Overview of this campaignMovie studio advertiser 20th Century Fox was eager to garner word-of-mouth buzz for its upcoming film release “The Book Thief” and its timeless message about literacy and knowledge, both fundamental cornerstones to civilized society.
The movie’s premise concerns pre-World War II Europe, where the Nazis were gathering books from libraries, churches and schools and burning them in an effort to stunt the flow of information and positions that posed any opposition to the party. The film’s star, Geoffrey Rush, and his adopted daughter set out on a complex and deliberate path to steal as many books for safekeeping and future generations. During this dark period of history in a low-tech world, no one knew what would survive the plundering by the regime, and all means were taken to safeguard knowledge in the form of the printed word.
The New York Times’s advertising team met with the studio’s marketing head in early October to brainstorm breakthrough ideas that would effectively convey the film’s important message. Together they came up with an ingenious pre-opening buzz marketing campaign to tease the November 8 opening of “The Book Thief.”
Results for this campaignReaders of The New York Times may have been forgiven for thinking there was a printing mistake in their copies of the October 23, 2013, newspaper. Pages A9 and A10 were completely blank!
In reality, this was not a mistake — far from it. Rather, it was two advertising pages deliberately devoid of copy or art, meant to starkly and meaningfully convey what a world without words would be like.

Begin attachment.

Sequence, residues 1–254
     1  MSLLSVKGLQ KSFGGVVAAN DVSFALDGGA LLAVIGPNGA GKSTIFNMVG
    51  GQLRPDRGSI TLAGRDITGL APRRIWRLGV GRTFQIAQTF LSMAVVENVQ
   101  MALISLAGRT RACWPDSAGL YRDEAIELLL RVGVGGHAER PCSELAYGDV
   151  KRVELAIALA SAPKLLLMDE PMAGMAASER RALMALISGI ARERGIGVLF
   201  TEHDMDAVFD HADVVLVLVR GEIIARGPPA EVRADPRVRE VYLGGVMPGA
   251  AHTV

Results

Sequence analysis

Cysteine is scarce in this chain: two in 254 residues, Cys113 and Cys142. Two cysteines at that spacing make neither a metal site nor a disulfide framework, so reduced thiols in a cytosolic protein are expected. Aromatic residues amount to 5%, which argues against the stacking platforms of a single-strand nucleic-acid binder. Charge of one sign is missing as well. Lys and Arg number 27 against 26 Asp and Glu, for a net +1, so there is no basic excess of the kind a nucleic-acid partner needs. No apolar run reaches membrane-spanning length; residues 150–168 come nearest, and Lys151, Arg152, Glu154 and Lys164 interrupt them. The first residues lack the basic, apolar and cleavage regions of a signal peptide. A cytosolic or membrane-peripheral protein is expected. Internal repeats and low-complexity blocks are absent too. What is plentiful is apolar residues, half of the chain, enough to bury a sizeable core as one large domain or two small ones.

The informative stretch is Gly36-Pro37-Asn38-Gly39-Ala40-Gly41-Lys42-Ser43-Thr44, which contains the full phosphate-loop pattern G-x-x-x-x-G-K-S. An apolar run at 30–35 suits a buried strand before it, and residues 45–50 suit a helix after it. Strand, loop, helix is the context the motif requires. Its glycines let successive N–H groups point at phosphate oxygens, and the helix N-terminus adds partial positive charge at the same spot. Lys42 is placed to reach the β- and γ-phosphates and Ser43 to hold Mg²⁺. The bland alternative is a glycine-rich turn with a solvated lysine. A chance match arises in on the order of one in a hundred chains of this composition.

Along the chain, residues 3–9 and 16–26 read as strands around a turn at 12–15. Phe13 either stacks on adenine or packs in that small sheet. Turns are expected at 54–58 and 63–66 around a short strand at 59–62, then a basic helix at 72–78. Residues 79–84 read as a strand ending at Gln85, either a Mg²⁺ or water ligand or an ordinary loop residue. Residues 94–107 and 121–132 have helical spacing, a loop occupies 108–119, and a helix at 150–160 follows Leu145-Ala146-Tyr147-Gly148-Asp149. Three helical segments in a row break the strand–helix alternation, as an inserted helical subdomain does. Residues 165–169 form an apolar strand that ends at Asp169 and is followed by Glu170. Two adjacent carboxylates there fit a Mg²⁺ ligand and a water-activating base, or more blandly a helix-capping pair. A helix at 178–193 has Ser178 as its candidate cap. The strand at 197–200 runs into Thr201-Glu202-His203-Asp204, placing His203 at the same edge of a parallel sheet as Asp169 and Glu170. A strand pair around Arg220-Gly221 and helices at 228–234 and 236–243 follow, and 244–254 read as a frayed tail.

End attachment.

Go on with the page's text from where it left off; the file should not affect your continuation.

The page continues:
Fox executives believed that a message of this sort would resonate strongly in The New York Times. In fact, they felt it was the only news brand with sufficient journalistic credibility and social standing to make this message meaningful. No other national or local newspaper could convey the impact of a world without words and ideas as effectively as The New York Times. As Fox E.V.P.-Media Julie Rieger said, “There are only few things so powerful.”
Times Publisher Arthur Sulzberger Jr. and the newspaper’s advertising standards department agreed to let the advertiser run two blank pages with nothing but a dateline at the top of the page and the page number itself — the first time in The New York Times’s 162-year history that blank advertising pages were deliberately allowed to run to specifically tell a story. The only messaging on the two blank pages appeared at the bottom of the second page, where the URL http://www.wordsarelife.com appeared. The URL linked to the movie’s trailer and a special message from actress Sophie Nélisse, the film’s young protagonist, who proclaimed, “Without words, life is nothing but a blank page.”
The advertisement generated extensive social media chatter and press from outlets including Advertising Age, Variety, The Huffington Post and Business Insider. The latter wrote: “The ad’s success is the latest example of how brands are using ‘mysterious old media’ in the physical world to multiply the number of people who see their ads through online buzz created by social media and online news outlets.”